In my raveling thoughts I flew away, as if my spirit were nestled in the breast feathers of some passing hornbill or waxwing.
It was mild monsters like these that made Jack the Ripper go after young women, she decided: who could tolerate yielding the world to someone who behaved as if she had given birth to the very world herself?
You need my help? What for? Bread, cash, a fake identity to help you slip sideways through the cracks? Tell me what you need, tell me why I should help, and I’ll see what I can do. In memory of Elphaba. You knew her.” Her head titled again, but up, this time, and it was to keep the sudden wetness from spilling into her carefully colored false eyelashes. “You knew my Elphie!
Lot of talky-talk in there, they had to open the windows to let the words out,
No,” she cried, “no, no, I’m not a harem, I’m not a woman, I’m not a person, no.
Books fall open, you fall in. When you climb out again, you’re a bit larger than you used to be.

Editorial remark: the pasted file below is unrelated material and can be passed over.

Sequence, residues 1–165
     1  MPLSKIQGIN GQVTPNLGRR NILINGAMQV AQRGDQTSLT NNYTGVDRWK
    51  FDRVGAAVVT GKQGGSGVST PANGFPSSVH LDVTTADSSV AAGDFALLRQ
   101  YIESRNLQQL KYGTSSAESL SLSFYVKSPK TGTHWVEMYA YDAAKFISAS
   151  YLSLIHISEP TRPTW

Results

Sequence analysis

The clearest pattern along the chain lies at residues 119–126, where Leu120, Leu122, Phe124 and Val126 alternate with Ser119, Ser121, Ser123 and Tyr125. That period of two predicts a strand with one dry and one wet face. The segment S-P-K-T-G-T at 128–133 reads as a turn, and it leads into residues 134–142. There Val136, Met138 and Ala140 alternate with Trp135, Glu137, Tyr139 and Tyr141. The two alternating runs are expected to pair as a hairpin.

And what new life can emerge from a book. Any book, maybe.
After all, a book can be set aside for weeks, or for good. (Burned in the grate.) Alternatively, a story can be adored for centuries. But it cannot be derailed. A plot, whether abandoned by a reader or pursued rapturously, remains itself, and gets where it is headed even if nobody is looking. It is progressive and inevitable as the seasons. Winter still comes after autumn though you may have died over the summer.
The moon passed overhead in its path from the Vinkus, and she felt its accusatory spotlight, and moved back from the tall windows.
There may be no city in the clouds, but dreaming of it can enliven the spirit.